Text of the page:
The new demand response

The technology’s all coming together—now for the markets

Published In: Intelligent Utility Magazine November/December 2011

Share/Save  

DEMAND RESPONSE IS EVOLVING AND, AS markets continue to change across the United States, it will evolve from a resource of last resort to one with market value, just like generation.

In the past, demand response has been used as an emergency response for reliability by electric utilities. Today, though, it has the ability to be used as an economic resource.

Federal Energy Regulatory Commission Orders No. 719 (issued on Oct. 17, 2008) and No. 745 (issued March 15, 2011) clarified demand response competition and compensation, and the requirement for grid operators to reform their tariffs and practices in this area, according to Jeremy Laundergan, director of utility services consulting for EnerNex.

Prior to joining EnerNex, Laundergan was senior project manager with Southern California Edison, where he worked on emerging markets and technologies for demand response, including pilots to integrate demand response into the California Independent System Operator's Market Design and Technology Upgrade (MRTU) wholesale electricity market.

He says that, while these orders clarified matters on one hand, Order No. 745 put California in a holding pattern for an entire season to determine whether the California approach complied with the order or not.

Orders explained
For purposes of background, FERC Order No. 719, Wholesale Competition in Regions with Organized Electric Markets, offered a series of reforms to improve the operation of organized wholesale electric power markets. As to Todd Griset, an attorney with Preti Flaherty, who blogged about both orders, explained: "Based on the premise that improving the competitiveness of organized wholesale markets is integral to the Commission's mission, FERC required regional grid operators to reform their tariffs and practices in the areas of demand response, long-term power contracting, market monitoring, and the responsiveness of grid operators to their customers-and through them, to the consumers who benefit from and pay for electricity services."

FERC Order 745, Demand Response Compensation in Organized Wholesale Energy Markets, requires regional grid operators to compensate customers fairly for reducing their consumption of electric energy in response to the grid operator's warnings of supply scarcity (i.e., demand response), when that reduction in energy usage is cost-effective and capable of displacing the need for additional generation online.

Technology serving to move DR forward
We are seeing technology being deployed as a part of AMI (automated metering infrastructure), Laundergan said, that is further enabling demand response, and furthering its capabilities. "We are seeing technology deployed in implementations which enables demand response in new ways," he said.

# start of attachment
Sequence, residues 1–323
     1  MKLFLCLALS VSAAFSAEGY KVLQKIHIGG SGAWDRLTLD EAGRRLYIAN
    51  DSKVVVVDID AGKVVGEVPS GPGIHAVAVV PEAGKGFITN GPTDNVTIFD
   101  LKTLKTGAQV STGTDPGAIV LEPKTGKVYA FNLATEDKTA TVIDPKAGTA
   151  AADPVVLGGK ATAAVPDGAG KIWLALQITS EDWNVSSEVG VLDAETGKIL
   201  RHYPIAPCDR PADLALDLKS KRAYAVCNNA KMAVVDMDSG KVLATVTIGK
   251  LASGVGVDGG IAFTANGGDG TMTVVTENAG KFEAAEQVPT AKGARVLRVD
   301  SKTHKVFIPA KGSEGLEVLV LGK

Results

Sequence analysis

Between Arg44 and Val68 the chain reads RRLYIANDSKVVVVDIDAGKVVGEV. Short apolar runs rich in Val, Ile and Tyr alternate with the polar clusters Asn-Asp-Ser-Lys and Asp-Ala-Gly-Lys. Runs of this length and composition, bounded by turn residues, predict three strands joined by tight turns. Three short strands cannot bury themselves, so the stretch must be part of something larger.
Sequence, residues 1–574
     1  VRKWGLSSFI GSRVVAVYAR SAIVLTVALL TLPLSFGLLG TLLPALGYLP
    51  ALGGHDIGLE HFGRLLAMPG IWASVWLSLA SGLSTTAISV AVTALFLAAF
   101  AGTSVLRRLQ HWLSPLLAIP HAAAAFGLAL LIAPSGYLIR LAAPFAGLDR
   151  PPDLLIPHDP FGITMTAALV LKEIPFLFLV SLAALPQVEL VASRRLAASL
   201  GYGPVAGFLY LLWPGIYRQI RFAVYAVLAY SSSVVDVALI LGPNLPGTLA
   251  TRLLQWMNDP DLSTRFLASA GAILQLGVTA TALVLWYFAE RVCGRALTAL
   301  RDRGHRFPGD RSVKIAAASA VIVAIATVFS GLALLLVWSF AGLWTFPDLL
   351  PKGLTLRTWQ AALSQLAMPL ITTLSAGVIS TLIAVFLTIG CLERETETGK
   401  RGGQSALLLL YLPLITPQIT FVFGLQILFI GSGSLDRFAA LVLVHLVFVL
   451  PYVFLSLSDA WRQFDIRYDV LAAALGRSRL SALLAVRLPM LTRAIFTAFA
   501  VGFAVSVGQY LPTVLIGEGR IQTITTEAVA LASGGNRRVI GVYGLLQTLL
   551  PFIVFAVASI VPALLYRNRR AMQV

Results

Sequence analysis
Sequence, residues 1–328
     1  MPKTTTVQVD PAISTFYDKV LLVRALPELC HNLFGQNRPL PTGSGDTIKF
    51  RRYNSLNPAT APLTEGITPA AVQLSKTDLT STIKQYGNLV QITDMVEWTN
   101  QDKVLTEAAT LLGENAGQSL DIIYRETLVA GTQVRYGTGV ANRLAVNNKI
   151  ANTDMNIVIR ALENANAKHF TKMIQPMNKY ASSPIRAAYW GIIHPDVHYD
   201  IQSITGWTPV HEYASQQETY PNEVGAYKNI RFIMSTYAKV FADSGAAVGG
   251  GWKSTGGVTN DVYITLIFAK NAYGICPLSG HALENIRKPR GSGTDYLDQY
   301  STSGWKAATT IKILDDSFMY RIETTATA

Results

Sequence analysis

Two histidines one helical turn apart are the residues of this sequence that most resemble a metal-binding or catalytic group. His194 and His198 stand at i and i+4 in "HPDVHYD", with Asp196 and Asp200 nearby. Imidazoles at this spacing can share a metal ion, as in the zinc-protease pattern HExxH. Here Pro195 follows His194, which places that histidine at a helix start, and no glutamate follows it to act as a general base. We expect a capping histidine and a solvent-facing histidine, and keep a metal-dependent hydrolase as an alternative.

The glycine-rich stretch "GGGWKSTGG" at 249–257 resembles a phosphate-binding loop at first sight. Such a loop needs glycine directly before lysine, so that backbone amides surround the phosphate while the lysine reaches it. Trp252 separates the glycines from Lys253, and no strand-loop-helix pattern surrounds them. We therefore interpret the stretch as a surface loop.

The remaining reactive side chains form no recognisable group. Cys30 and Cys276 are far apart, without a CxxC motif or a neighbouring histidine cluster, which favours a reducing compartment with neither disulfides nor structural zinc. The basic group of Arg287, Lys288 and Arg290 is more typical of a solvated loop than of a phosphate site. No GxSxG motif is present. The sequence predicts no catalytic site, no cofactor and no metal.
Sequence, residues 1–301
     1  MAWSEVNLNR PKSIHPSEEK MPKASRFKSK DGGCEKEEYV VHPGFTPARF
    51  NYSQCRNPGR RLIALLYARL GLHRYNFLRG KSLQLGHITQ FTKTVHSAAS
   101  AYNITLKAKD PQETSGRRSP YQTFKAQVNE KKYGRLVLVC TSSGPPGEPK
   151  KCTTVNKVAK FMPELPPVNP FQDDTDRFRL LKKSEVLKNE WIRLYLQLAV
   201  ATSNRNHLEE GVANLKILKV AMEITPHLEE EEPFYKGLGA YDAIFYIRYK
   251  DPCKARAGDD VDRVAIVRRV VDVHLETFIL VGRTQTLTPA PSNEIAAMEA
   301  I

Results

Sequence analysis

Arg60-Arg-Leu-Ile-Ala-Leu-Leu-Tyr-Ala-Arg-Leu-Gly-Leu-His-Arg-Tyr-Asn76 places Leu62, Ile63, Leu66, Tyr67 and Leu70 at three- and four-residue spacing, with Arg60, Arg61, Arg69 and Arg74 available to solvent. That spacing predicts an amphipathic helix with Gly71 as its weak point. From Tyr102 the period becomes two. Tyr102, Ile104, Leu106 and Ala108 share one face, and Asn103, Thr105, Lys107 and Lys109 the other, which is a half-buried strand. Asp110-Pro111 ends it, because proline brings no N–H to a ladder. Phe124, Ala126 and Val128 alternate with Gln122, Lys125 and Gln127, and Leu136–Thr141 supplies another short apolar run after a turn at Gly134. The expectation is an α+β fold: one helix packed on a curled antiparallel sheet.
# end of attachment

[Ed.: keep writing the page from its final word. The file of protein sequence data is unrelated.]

Home energy networks will enable customers to be price responsive, and the California Public Utilities Commission is currently looking at the constructs of just exactly how this will work. With Smart Energy Profile and OpenADR both about to release new versions of their certifications, the options continue to open for manufacturers and utilities.

The state of Texas, Laundergan said, is working with an earlier version of Smart Energy Profile and is, as he puts it "off and running" with new demand response opportunities. As demand response becomes available marketwide for ancillary service response, it truly will morph from poor relation to equal partner as an economic resource option.

Tapping the resource successfully
"While we've had air conditioner and water heater demand response programs for some time," Laundergan said, "What you didn't have is the wholesale market construct to enable utilization of ancillary service."

Next year will see DR making a big step, just as California did with its Proxy Demand Resource (PDR) program, approved by FERC on July 15, 2010, and implemented on August 10 of the same year. Through PDR product,

 California is now able to both increase demand response in the ISO market as well as facilitate the participation of existing retail demand response programs in the ISO market.

The trick to successful implementation, Laundergan explained, is to "figure out what their bid prices are going to be, and how often can this resource be tapped?" He added: "The nice thing is that it's fairly quick. Air conditioner cycling can be triggered in short durations, but more frequently, without customers being inconvenienced by a noticeable change in temperature. And it can be dispatched as an economic price-responsive resource.

"It's going to take program design, as well as compensation for the end-use customer."

It's not one-size-fits-all
There is a caveat, though: not all demand response should be placed in the economic resource category.

"Everyone's starting at different points: some have distribution automation (DA) without home area networks (HAN), some have AMI without DA ... utilities are figuring out the next best for investment. They have to con sider: Where are we now? Where is our congestion? Where is our reliability?" he said.

"It needs to be well-planned out before you jump," Laundergan concluded. "How- ever, don't shy away from it, because it's worth it."

 

 

Related Topics